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ChiefOfficers.Net

A lawyer, formerly with Baker & McKenzie in New York has pleaded guilty to money laundering and conspiracy to commit securities fraud while with the firm.

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A committee of UK MPs has found that Rupert Murdoch "turned a blind eye and exhibited wilful blindness to what was going on in his companies and publications,” says the report into telephone hacking which goes on to say that there was a culture emanating from the top and permeating down the organisation which resulted in a "lack of effective corporate governance at News Corporation and News International."

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Polk, a market research company, has produced a report that says that many owners of hybrid cars won't make the same purchasing decision again.

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Research by Australian Newspaper News.Com.Au has turned up a hidden problem with electric cars: if the battery goes flat, it might not be possible to recharge it, resulting in a very expensive - and not at all ecoologically friendly - replacement

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The Law Society of England and Wales is mounting one of its biggest PR campaigns ever as HSBC, one of the largest residential mortgage lenders in the UK says that all its mortgage work is to be handled by only 43 firms.

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James D Levitt is 66 years old and facing serious jail time. Aside from his latest conviction, he's behind on payments on a prior criminal conviction in respect of which he still owed more than USD400,000.

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Clint Eastwood has thrown his hat into the ring with a SuperBowl half-time advert on behalf of, nominally, Chrysler but widely seen as pro-Detroit in general. Actually, it's much more than that.

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Solicitors in England and Wales have been issued with a new Practice Note (a non-binding guidance) relating to the use of social media including sites such as Twitter and Facebook. It reveals a fascinating insight into the ways in which supposedly transient media can trip up the unwary, and not just lawyers.

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An English solicitor has been struck off the Roll following "gross recklessness." He acted in a land-banking scam.

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As the riders lined up in Valencia for the start of the last race of the 2012 MotoGP season, it was difficult for them to know where to start. And so it is with this final race report of the current campaign as there are more endings than beginnings.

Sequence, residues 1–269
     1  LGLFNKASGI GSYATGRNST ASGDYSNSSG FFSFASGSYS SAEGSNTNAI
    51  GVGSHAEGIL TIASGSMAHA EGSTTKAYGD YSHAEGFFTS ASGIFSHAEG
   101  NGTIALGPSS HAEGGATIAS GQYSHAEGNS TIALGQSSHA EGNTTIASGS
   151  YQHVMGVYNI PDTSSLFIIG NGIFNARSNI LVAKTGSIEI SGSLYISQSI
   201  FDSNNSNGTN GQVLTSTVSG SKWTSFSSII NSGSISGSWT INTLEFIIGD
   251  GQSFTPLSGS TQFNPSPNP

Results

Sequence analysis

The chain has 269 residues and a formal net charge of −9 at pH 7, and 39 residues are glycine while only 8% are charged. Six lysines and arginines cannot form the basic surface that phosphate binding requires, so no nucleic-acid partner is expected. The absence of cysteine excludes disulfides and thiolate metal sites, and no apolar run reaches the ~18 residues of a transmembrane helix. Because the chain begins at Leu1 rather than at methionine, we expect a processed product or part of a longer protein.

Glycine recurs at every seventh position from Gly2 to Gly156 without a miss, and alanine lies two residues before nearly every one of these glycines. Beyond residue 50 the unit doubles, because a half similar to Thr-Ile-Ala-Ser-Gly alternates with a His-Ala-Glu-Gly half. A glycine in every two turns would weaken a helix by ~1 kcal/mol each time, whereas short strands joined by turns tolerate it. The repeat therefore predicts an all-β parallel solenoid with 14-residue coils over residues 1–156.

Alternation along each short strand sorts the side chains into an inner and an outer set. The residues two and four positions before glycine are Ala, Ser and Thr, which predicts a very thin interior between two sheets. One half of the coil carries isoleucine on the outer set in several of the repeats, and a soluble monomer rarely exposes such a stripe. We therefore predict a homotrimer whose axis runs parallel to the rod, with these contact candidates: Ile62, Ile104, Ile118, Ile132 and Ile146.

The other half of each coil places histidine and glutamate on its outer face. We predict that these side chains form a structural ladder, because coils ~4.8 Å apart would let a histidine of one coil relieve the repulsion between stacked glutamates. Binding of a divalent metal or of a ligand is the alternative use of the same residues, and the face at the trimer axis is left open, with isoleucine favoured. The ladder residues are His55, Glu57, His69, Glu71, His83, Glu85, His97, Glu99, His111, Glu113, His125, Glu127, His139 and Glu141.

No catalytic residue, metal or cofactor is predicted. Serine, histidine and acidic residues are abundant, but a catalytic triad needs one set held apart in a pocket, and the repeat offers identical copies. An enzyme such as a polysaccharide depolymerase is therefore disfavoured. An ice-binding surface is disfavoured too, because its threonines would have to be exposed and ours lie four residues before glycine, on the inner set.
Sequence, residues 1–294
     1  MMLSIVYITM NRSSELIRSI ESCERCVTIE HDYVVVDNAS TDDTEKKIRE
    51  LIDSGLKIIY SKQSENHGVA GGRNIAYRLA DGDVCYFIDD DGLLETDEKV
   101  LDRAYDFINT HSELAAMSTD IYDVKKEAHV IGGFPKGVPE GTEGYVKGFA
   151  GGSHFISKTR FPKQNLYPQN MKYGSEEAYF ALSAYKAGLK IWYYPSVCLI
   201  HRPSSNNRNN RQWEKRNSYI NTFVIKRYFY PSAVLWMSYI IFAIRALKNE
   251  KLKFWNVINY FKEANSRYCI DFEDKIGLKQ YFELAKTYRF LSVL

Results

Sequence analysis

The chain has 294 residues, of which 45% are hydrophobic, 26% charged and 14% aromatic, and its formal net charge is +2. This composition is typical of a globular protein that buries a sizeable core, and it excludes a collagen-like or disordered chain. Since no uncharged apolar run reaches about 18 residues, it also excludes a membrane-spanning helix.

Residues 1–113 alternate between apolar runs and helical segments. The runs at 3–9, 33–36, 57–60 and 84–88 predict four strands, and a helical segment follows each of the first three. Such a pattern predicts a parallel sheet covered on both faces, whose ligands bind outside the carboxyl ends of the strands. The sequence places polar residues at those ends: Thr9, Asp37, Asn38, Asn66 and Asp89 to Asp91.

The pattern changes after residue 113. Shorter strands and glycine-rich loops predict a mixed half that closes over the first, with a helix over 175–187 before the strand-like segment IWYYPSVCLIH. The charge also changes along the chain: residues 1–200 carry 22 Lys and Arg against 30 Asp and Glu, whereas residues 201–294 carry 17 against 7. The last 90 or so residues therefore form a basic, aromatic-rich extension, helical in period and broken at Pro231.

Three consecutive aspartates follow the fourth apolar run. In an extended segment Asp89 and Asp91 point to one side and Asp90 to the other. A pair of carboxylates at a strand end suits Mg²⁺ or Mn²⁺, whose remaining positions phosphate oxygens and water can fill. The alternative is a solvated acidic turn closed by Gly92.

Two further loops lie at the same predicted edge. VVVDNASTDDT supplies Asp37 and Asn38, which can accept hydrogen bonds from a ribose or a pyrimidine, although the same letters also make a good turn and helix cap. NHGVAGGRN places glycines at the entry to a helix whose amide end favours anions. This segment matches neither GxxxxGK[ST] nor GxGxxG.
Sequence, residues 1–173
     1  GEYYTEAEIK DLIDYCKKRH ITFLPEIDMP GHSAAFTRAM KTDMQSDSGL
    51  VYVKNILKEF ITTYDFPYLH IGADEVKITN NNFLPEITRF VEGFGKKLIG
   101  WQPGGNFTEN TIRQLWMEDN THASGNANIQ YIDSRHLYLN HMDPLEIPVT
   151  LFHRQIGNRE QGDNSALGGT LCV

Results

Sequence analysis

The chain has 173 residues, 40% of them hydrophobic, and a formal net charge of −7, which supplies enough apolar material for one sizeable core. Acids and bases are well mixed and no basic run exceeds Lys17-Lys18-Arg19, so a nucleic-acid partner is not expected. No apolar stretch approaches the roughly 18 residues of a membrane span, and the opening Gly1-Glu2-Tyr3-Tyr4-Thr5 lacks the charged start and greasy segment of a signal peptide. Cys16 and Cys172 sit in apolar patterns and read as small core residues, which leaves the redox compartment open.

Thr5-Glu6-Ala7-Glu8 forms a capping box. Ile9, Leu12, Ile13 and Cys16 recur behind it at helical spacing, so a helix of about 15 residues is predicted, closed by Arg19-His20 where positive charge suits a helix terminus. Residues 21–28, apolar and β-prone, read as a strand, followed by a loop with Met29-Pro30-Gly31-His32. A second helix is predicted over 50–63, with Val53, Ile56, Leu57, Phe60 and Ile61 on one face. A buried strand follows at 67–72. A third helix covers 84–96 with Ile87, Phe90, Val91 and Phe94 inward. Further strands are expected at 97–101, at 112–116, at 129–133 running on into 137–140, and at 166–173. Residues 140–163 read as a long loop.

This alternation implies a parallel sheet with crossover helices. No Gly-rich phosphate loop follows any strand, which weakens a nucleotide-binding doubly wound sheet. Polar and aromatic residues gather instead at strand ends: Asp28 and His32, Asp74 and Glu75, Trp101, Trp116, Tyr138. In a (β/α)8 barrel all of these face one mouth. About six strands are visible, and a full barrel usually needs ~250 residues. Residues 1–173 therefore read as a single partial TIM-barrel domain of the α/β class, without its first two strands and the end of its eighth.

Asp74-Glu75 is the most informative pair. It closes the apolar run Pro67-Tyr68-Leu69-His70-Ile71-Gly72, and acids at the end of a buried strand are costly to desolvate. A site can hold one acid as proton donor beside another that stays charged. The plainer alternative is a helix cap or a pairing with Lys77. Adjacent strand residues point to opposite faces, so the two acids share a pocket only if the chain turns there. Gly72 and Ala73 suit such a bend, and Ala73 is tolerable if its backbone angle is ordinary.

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The US Government seizes vehicles for a wide range of reasons: used in crime, as assets representing proceeds of crime (money laundering), smuggled vehicles, vehicles taken as payment for taxes are just some of the reasons. The vehicles are auctioned off. But the condition of the vehicles is surprising. A survey of a pending auction shows that many of them have been severely abused.

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Japan's Honda Motors is recalling some 200,000 Stream and Civic cars after identifying a defective component in the engine bay.

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When Dubai wanted a model for its courts system for the (then) new financial centre, it chose that of the English legal system. Now the British government wants to capitalise on the standing and reputation of the UK Courts and ancillary services, including arbitration, and turn London into the world's leading "law tourism" centre.

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An anonymous posting, purporting to be by a solicitor in private practice, has appeared on the website of The Law Society's Gazette, the organ of the Law Society of England and Wales. If there was ever a reason to question the quality of the profession, this is probably high on the list.

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When the UK started charging purchase tax on cars, Colin Chapman found a loophole: if he sold his Lotus cars in kit form, buyers did not have to pay the tax. Caterham Cars started their business as an early - perhaps the first - dealer for Lotus Cars, building kits of the Lotus Seven for customers who didn't trust themselves to build the car from a kit.

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